IAF Magazine Articles

The War begins

Many pages in the books of “The One” squadron contain thoughts and experiences from within the cockpit. The Phantom squadron suffered many losses at the war. Danny Halutz, a young pilot in reserve at the time, wrote about the first day of the war, right from the morning uncertainty until the first deployment in the afternoon.

Maj. Gen. Danny Halutz

It was the eve of Rosh-ha-Shana (New Year's Day) 1973. I returned home and found a note in my mail box. It read: “if you hear on the radio that some terrorist did something, run to your base, it’s about to start...”. signed: Sapush (Barak Paltiel).  Preceding the note was a major event, which took place on September 13th of that year: in a mass air battle, Israeli jets took down 13 Syrian Migs. It was clear that the Syrians are bound to respond to this loss. At that time, I was a young pilot in reserve, having just finished my first contract with the air force. I did not understand this note, since I had no idea of these events. Neither did Barak expect a war on such a large scale to commence. Anyway, I completely forgot about the note.

It was Oct. 6th 1973, Saturday morning of Yom Kippur (the holiest Jewish day of the year, observed with a 25-hours period of fasting and intensive prayer). I awoke to the sound of a jet engine, passing at a very low altitude over my house. Still sleepy, I assumed it was another drill of the Anti-Aircraft unit in Herzliya. Then I realized that it is Yom Kippur, and there can’t be any drills today. Out the window I see a Skyhawk circling Herzliya at a low altitude. “Something is up”, I tell my wife Irit. I dress up and decide to go to the near pay phone to check what’s going on.

A call from the lobby stops me. “Who is it?” I ask. “It’s Shmueli. I came to take you to the base”. Shmueli is a young navigator at the squadron, and he was sent to pick me up. “What happened? Why? For how long?” these questions remain up in the air, as Shmueli does not have any answers. We board the car, drop Irit at her parent’s house in Tel-Aviv, and race to the base. The traffic on the road is sparse, yet I can feel that something is going on. I begin to think that things are much more serious than I thought. We meet “the Rhyno” (Gal Yohar) on the way. He joins the ride, and pleads to go faster, so we don’t miss an interesting sortie. We are all convinced that it is a local incident – a day battle or something of the sort – and if we won’t make it on time, we will miss it altogether.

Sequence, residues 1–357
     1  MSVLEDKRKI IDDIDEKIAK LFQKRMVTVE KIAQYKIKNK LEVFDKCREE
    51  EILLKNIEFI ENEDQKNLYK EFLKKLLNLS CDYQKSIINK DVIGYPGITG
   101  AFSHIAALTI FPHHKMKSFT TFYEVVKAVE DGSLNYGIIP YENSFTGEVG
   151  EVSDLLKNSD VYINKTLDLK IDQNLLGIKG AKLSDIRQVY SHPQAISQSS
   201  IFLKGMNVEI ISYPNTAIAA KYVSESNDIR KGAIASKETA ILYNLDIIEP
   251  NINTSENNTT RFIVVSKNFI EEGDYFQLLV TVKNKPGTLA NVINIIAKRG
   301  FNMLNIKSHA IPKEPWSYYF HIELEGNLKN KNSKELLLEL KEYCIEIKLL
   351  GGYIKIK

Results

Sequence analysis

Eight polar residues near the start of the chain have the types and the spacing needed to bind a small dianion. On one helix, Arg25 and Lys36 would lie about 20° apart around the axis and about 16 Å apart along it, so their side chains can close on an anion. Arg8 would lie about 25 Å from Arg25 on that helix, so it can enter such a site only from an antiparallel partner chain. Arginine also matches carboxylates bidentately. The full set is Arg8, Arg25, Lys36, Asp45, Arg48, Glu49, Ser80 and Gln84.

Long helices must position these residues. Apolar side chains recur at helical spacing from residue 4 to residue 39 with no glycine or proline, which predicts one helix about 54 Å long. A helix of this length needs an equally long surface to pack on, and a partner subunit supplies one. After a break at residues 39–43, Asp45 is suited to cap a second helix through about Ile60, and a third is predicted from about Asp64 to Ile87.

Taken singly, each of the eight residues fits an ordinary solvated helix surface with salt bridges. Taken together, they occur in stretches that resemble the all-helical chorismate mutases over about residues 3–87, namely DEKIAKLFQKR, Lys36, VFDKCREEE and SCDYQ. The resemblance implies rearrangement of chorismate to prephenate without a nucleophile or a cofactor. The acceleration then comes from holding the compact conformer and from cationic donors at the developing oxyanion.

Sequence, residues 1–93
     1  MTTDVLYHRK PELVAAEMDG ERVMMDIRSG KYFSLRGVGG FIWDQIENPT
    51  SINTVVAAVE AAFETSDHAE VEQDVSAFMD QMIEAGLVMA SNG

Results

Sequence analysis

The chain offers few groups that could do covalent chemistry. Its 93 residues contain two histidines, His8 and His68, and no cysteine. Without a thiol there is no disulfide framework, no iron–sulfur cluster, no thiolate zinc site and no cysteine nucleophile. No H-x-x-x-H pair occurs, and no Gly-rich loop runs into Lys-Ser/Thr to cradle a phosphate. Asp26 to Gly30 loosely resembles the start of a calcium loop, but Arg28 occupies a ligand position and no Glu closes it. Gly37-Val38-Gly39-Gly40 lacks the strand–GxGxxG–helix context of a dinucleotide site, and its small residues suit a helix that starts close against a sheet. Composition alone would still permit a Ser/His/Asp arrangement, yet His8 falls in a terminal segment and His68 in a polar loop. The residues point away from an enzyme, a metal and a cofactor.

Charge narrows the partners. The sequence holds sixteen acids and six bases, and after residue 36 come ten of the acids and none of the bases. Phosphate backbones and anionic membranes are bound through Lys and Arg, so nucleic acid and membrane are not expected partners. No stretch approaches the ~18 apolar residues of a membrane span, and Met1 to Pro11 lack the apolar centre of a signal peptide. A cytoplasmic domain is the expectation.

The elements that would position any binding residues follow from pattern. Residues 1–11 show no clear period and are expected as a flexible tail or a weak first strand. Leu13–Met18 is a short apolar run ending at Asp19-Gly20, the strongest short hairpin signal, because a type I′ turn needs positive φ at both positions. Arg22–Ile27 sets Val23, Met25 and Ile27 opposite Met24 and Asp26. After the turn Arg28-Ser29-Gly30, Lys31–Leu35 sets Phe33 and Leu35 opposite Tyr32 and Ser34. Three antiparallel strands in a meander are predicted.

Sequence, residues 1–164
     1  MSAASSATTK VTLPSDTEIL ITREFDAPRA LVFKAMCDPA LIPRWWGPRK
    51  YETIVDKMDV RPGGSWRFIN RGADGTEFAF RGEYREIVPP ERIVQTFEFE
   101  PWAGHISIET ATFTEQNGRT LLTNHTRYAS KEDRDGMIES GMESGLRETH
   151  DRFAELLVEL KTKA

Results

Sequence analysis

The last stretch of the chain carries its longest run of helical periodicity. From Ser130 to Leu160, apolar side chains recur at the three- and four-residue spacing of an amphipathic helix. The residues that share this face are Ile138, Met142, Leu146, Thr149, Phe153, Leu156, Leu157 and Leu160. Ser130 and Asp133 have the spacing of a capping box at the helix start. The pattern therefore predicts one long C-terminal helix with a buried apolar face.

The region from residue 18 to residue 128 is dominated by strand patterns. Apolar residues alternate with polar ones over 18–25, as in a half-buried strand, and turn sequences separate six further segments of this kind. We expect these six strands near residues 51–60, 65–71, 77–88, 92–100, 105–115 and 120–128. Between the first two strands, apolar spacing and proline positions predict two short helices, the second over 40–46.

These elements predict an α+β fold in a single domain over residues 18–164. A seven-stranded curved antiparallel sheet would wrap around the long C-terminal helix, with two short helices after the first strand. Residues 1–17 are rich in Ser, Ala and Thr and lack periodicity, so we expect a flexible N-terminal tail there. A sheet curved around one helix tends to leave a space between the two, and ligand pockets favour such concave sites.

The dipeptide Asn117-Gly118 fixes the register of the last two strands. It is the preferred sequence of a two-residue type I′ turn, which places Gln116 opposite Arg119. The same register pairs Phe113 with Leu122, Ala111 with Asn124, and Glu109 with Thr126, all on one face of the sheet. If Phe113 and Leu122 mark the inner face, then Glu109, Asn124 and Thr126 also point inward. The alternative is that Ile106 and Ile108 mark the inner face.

Everyone gathered up at the squadron. With a little information to go on, everyone gossip, trying to guess what is really going on. Speculations abound at the squadron’s club. It appears we are going to make an advance attack on Syrian airports. Those in the know are telling that the government is making this decision as we speak. We nervously drink coffee and smoke cigarettes.

Ronny Huldai, Deputy Squadron Commander briefs us on the Syrian airports. Half an hour before takeoff we receive a message to abort. The government did not approve. We are back at the club. All of a sudden, the alarm goes off.  It signals the bombardment is on its way. This time it is real. The war begins.

More in this section

A lone Skyhawk

Three days before the “Yom Kippur” war, Maj. Gen. Giora Rom assumed command of Skyhawk squadron, after its previous commander was killed. An hour after the war commenced, he was already airborne, charging towards the enemy in a jet he never flown before.
“Sufa” (Storm F-16I) and “Baz” (Falcon F-15) jets take off the same runway

Knights and Spears

One is big and strong, the other small and nimble. Each has its own unique advantages, which they try and take advantage of in the few minutes when they meet high in the sky. Recently, the F-15 ("Baz", literally falcon) and F-16I ("Sufa", literally storm) flew head to head in an exercise which demonstrated two very different modes of air combat. Do you want to know who won?